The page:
Here, the expert's certification was sufficient to forewarn plaintiff of the expected contents of the expert's trial testimony. The expert claimed that the law firm deviated from the standard of care by not informing defendants that either the law firm or another law firm may take the case on a contingent fee basis. The expert relied upon the Rules of Professional Conduct (RPCs) and case law to support his position.

By way of example, RPC 1.4(c)*fn1 states that "a lawyer shall explain the matter to the extent reasonably necessary to permit the client to make informed decisions regarding the representation." RPC 1.5(a) states that "[a] lawyer's fee shall be reasonable." The latter RPC sets forth in detail the factors to be considered in determining the reasonableness of the fee.

Further, in cases cited by the expert, the New Jersey Supreme Court has emphasized that an attorney's fee agreement with a client is subject to judicial oversight and ethical considerations. Cohen v. Radio-Electronic Officers Union, 146 N.J. 140, 155 (1996); In re Reisdorf, 80 N.J. 319, 329 (1979).

Plaintiff is of course entitled to discover the basis for the expert's opinion, which may be determined at the expert's deposition, an N.J.R.E. 104 hearing, or, perhaps, even at trial. N.J.R.E. 705. Our point is that the expert's certification was sufficient to put plaintiff on notice as to the expected contents of the expert's testimony at trial, and the court's imposition of the ultimate sanction of dismissing defendants' counterclaim and entering judgment on plaintiff's affirmative claim for what the court perceived as a lack of an expert opinion was a mistaken exercise of discretion. See Velazquez, supra, 336 N.J. Super. at 45-46 (although trial court given wide discretion in determining sanctions, sanction must be just and reasonable).

That does not, however, end the analysis. The New Jersey Constitution provides that the Supreme Court "shall make rules governing the administration of all courts in the State and . . . the practice and procedure in such courts." N.J. Const. art. VI, § 2, ¶ 3. The Supreme Court's rulemaking power "includes the power to interpret and enforce court rules." State v. Leonardis, 73 N.J. 360, 375 (1977). One of those court rules is Rule 1:21-7(b), which requires an attorney to afford the client an opportunity to retain the attorney on an hourly fee basis before entering into a contingency fee agreement. The rule does not, however, address the contrary situation of whether an attorney is required to advise a client of the availability of a contingent fee agreement before entering into an hourly fee arrangement with the client. Given the Court's rule-making power, the question consequently becomes whether the lack of such a rule means that as a matter of law an attorney has no such obligation to so inform the client? If that is what the absence of such a rule means, the failure to so inform the client could not be a deviation from the standard of practice regardless of what an expert says. Because this issue was not raised or briefed, we decline to take original jurisdiction and address it in this opinion. It should, however, be resolved on remand.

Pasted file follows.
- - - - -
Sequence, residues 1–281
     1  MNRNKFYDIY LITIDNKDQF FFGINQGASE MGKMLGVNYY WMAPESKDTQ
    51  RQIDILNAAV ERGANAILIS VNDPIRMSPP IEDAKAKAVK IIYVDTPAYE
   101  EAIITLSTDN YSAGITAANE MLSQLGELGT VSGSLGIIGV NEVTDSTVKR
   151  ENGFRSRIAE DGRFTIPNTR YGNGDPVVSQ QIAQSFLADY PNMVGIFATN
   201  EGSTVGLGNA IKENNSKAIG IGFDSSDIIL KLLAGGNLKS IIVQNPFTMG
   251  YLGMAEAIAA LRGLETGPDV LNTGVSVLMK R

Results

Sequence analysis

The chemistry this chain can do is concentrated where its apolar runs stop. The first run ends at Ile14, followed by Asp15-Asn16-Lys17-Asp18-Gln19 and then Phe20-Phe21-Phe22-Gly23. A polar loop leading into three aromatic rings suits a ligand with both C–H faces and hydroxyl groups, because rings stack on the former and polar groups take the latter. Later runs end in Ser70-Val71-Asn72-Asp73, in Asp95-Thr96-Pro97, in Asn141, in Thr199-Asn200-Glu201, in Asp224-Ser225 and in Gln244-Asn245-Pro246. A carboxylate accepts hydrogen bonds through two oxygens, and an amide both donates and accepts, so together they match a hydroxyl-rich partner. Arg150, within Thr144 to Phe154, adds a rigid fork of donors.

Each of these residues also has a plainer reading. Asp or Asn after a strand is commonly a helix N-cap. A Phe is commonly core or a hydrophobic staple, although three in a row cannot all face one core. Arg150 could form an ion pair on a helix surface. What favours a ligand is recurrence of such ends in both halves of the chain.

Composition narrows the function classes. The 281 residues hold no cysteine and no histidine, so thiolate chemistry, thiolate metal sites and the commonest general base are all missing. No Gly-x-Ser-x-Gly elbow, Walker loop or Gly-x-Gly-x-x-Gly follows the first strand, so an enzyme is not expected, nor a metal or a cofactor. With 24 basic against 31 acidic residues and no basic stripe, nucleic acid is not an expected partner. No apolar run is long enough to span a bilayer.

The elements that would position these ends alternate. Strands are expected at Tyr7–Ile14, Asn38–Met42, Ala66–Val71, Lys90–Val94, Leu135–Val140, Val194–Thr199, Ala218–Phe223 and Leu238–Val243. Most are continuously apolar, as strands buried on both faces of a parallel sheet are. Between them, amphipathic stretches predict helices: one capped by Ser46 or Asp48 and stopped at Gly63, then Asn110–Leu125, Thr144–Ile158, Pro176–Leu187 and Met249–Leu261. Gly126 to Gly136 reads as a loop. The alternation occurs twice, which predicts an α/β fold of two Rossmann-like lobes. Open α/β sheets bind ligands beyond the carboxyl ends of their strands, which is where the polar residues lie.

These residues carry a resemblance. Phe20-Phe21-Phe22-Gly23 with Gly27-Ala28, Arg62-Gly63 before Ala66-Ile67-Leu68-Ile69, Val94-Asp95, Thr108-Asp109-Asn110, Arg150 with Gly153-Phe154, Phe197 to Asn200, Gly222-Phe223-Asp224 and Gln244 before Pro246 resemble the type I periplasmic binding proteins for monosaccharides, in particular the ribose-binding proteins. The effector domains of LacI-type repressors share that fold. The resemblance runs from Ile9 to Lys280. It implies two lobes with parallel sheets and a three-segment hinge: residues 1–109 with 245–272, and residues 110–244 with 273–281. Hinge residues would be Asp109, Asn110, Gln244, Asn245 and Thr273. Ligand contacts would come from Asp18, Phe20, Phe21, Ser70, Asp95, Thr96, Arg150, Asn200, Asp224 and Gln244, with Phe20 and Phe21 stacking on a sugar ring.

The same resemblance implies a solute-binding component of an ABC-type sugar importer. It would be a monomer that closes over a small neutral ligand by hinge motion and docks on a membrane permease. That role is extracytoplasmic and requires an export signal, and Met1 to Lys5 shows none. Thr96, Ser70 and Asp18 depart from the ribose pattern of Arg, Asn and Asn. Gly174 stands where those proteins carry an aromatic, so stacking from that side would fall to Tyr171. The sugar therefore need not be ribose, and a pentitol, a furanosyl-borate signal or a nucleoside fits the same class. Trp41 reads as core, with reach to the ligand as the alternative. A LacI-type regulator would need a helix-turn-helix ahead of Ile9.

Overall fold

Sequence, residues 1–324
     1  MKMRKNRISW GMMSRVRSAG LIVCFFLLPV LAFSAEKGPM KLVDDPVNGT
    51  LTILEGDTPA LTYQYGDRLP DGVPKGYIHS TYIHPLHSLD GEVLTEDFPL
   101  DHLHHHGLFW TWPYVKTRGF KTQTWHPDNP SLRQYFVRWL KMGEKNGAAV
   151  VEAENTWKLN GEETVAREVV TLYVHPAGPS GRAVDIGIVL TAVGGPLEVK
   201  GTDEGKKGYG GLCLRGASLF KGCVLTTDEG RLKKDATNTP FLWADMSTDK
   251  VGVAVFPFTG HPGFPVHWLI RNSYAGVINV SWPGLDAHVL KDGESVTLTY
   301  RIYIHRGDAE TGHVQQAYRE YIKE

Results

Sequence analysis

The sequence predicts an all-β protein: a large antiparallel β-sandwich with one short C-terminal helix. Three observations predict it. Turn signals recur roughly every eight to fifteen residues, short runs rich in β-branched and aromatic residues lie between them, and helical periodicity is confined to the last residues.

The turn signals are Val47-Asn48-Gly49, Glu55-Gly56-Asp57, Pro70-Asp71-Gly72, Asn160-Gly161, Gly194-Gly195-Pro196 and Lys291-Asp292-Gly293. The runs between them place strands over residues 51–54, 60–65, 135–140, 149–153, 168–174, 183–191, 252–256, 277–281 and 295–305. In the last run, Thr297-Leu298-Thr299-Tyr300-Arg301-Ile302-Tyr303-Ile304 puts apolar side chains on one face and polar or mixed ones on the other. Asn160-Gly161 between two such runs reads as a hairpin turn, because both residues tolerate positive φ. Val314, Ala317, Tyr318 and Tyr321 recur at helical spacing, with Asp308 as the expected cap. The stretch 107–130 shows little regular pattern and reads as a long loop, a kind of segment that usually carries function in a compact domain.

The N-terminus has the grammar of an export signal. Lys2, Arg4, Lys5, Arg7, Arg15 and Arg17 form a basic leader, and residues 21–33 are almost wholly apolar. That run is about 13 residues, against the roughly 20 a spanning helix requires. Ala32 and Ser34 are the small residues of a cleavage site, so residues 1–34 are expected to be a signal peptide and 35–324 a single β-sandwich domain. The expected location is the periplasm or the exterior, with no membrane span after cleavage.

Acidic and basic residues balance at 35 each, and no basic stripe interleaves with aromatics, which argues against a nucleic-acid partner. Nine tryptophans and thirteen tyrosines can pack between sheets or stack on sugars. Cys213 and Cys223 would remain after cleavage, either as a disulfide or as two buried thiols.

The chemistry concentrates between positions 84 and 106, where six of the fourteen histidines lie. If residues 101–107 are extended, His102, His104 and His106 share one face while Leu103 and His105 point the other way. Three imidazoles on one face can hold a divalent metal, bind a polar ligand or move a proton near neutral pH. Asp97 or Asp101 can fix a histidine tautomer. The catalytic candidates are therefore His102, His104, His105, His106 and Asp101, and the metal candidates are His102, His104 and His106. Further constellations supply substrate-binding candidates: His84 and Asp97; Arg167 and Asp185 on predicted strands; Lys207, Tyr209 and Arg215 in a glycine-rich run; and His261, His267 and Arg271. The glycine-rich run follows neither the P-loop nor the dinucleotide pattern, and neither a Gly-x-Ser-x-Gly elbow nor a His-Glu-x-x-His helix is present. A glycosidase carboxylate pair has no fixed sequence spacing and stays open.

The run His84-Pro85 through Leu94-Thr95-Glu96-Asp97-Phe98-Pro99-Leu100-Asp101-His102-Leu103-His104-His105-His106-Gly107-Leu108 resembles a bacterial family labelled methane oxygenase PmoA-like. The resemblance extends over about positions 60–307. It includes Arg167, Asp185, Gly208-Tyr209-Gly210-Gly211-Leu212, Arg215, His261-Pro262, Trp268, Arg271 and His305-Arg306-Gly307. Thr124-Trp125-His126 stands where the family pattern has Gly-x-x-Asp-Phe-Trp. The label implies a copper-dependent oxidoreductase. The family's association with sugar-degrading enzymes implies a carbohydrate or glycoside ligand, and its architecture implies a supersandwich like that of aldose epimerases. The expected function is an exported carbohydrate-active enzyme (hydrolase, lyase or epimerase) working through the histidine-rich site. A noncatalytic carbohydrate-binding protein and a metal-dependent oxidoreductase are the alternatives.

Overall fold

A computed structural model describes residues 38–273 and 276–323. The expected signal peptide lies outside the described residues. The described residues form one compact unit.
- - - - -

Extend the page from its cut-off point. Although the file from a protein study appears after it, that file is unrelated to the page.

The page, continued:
Likewise, the motion court did not consider whether, even if an attorney has an obligation under the case law, the RPCs, or the court rules to inform a client of the availability of a contingent fee agreement, the failure to so advise the client is tantamount to legal malpractice. See Johnson v. Schragger & Krasny, 340 N.J. Super. 84, 90 (App. Div. 2001) (observing that while the RPCs "may provide guidance to the court in determining whether a duty exists, they do not provide an independent cause of action"); Albright v. Burns, 206 N.J. Super. 625, 634 (App. Div. 1986) (violations of ethical standards do not per se give rise to malpractice claim). This issue need be addressed by the trial court only if it finds that an ethical obligation to inform the client of the availability of a contingent fee agreement does exist. In the absence of a full record and appropriate briefing, we decline to take original jurisdiction and decide the issue.

Finally, on remand, should the court determine to award damages to plaintiff, the court must analyze the reasonableness of the fees under the criteria set forth in Rule 4:42-9, and give consideration to the proportionality of the fees in relation to the amount of damages recovered. See Grubbs v. Knoll, 376 N.J. Super. 420, 432 (App. Div. 2005) (amount plaintiff recovers in damages relevant to determination of whether fees sought are reasonable).

Reversed and remanded for further proceedings consistent with this opinion.